Friday, August 26, 2016

Wellness plan FAIL

Thank goodness I've been able to stick at my sobriety because I don't seem able to stick at any other sort of wellness plan.

I'm doing this thing with my family (3 sisters, one brother-in-law and Mr D) where we all set a personal wellness plan for 8 weeks and we email each other on Monday to update how we are going. It's extra motivation for us all to work at eating healthily and doing exercise for 8 weeks before we all go on a beach holiday together.

Anyway I set my own plan which was to eat mostly only real foods, avoid wheat and sugar and allow myself only occasional treats. Walk the dog for 45 minutes every weekday and do the 7-minute workout 5 times a week (it's an App, high intensity exercises for 30 seconds with a 10 second break in between-hard work and good!).

So anyway Week One and I was a machine.. doing all my exercise and eating well. Week 2 was also good and strong. We're now in the middle of Week 3 and I have completely lost it! Not on the exercise front.. I'm still doing the dog walks and the 7-minute workouts.. but the food has gone to shit.

I'm eating cheese and crackers before dinner.. buying deli treats to eat in the car before school pick-up, buying chocolate to share with the kids at night.

What the hell am I like????!!!

Like a bloody addict that's what.

I'm even planning that I won't confess to all the bad food when I do my Monday update. Like I want to keep it my own nasty little secret. Nice dishonest (alcoholic) behaviour there Mrs D. (Hoping none of my family are reading my blog at the moment.. this is one way to find out!)

Like I say it's a good thing I've been able to stick at sobriety because I find it really hard to stay consistent at any other 'healthy' plans. With food I'm stuck in a binge cycle where I have periods of great healthiness and periods of utter pigginess. Piggy Mrs D re-enters the building and has a ball. Nom nom.

Quickly cram a couple of crackers and cheese in your mouth while cooking dinner - why not!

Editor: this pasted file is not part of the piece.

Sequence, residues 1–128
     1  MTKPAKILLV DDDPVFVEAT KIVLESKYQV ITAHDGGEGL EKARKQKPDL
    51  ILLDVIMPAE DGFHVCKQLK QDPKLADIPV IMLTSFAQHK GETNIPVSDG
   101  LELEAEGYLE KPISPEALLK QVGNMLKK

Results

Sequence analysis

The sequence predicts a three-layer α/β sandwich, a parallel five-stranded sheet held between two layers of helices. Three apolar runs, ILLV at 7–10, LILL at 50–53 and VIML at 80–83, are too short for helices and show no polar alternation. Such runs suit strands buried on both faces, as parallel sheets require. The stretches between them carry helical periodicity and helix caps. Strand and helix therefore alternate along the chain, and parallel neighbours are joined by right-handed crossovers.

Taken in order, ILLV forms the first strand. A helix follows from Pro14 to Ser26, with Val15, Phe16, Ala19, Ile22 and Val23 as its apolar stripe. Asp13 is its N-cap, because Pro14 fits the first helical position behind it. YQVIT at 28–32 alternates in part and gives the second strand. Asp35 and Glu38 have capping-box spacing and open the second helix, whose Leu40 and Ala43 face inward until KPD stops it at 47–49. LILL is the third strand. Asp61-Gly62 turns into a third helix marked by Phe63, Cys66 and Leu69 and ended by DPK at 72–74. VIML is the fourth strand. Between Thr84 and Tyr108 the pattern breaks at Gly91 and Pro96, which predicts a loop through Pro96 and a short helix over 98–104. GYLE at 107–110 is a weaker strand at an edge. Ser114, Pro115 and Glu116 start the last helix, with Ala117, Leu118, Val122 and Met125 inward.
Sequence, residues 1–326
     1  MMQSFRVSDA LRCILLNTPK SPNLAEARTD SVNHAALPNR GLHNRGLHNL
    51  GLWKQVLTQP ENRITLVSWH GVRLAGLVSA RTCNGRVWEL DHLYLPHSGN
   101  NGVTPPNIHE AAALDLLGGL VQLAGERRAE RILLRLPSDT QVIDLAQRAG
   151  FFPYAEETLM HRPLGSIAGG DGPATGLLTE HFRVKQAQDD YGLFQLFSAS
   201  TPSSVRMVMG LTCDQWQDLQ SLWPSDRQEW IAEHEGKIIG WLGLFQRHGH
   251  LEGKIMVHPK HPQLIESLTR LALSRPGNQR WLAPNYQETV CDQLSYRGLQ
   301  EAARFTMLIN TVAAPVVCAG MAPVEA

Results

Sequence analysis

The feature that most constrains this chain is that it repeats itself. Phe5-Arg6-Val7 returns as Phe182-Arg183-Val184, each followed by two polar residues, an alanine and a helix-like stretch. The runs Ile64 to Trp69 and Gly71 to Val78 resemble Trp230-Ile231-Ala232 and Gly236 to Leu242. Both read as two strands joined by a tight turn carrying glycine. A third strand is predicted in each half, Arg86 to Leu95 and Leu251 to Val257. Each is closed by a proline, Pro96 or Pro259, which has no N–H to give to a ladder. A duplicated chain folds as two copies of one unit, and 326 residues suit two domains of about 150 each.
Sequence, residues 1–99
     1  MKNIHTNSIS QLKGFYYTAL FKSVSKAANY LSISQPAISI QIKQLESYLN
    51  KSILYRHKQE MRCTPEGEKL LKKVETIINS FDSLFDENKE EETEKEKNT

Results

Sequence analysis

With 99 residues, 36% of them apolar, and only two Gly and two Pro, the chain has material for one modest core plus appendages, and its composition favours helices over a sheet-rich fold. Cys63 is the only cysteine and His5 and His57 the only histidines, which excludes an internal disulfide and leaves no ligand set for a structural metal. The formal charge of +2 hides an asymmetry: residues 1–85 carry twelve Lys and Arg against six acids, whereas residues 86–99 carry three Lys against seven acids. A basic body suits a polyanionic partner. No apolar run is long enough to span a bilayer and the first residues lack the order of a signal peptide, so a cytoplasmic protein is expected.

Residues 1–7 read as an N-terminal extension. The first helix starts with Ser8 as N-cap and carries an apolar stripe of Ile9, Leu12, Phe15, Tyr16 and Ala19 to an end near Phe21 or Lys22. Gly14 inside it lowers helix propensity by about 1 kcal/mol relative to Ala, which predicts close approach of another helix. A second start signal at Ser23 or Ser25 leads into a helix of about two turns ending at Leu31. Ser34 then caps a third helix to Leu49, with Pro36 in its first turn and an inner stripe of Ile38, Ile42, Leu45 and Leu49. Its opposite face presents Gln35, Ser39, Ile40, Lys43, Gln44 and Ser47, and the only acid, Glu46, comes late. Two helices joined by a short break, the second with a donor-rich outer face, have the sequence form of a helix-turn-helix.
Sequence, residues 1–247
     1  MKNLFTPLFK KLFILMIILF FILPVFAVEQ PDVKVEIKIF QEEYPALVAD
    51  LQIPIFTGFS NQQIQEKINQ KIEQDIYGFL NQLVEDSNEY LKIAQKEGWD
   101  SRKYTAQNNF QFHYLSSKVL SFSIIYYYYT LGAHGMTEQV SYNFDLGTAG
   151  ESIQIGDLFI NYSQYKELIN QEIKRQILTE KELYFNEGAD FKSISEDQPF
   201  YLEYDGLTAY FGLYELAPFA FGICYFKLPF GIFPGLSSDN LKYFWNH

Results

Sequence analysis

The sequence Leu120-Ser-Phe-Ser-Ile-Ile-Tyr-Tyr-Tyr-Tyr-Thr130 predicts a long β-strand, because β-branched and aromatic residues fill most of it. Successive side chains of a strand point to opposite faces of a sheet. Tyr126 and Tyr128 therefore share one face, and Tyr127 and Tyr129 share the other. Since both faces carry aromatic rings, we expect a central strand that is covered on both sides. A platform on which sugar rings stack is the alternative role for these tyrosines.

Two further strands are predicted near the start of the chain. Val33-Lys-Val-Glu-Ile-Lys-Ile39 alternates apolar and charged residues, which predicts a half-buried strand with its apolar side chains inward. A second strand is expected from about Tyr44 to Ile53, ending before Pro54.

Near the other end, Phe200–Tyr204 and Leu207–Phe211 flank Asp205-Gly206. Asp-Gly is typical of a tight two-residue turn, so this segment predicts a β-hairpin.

Buy that sugary treat and eat it moaning (literally moaning out loud with pleasure) in the car waiting for the school bell to go - hell yes!

Yuk. Yucky yucky yuckity yuk.

And then I get the same reoccurring early-morning guilt that I used to get when boozing. Lying in bed beating myself up for being so weak and dysfunctional. It's a horrid reminder of how I used to live when boozing.

I wish I could stop this binge cycle. I hate this part of me. I hate the weak, unhealthy, secretive, indulgent part of me. I want her to piss off forever!! Why can't I stick at the healthy regime? Why do I fall furtively and lasciviously back into piggy ways?

I know the answer. Because I'm human. Because I am an alcoholic. Because I am very susceptible to getting hooked and experiencing cravings for substances that trigger pleasure receptors in the brain (sugar is as addictive as cocaine they say). Because I still have treat/reward messages in my brain that tell me fatty & sugary foods are a good thing.

Will I ever stop being a flawed person? Maybe not. Maybe this is ok and the fact that I'm wrestling with it constantly is enough. Maybe I should just embrace myself warts and all and keep on striving to be healthy forgiving myself when I fail.

And maybe I should always remember that if nothing else I am sober - nearly 5 years sober! - and that alone makes me an incredibly cool specimen.


Love, Mrs D xxx

Monday, August 15, 2016


I am constantly gobsmacked at how possible it is to change habits. I went out three times last week to various social events and didn't for one second at any of them wish I was drinking. Other people were imbibing booze but not me.

Not drinking is just my new, ordinary norm.

See - habit changed! It is totally possible.

And the good news is I don't walk around feeling fatally flawed. I just walk around feeling normal, knowing that I don't touch alcohol because in the past it has proved to be impossible for me to control. So I took it away and now I live without it.

My brain has learned a new way of living and I have reshaped my reality.

Sometimes I wonder what the hell my life would look like if I hadn't gotten sober almost 5 years ago. I would be fascinated to see! What would I look like? What would I act like? What would I be thinking about? Would I have gravitated towards different people when we moved back to this city? Would I have a boozy social group? Would I be heavier? Have worse skin? Be more tired? Be more grumpy? Be more narrow in my thinking? Be more wound up?

Man it would be interesting to know. I'd love a little glimpse into my alternate reality (the one where I didn't get sober) but only for about 5 minutes then quick put me back into this reality!! I like this one a lot!!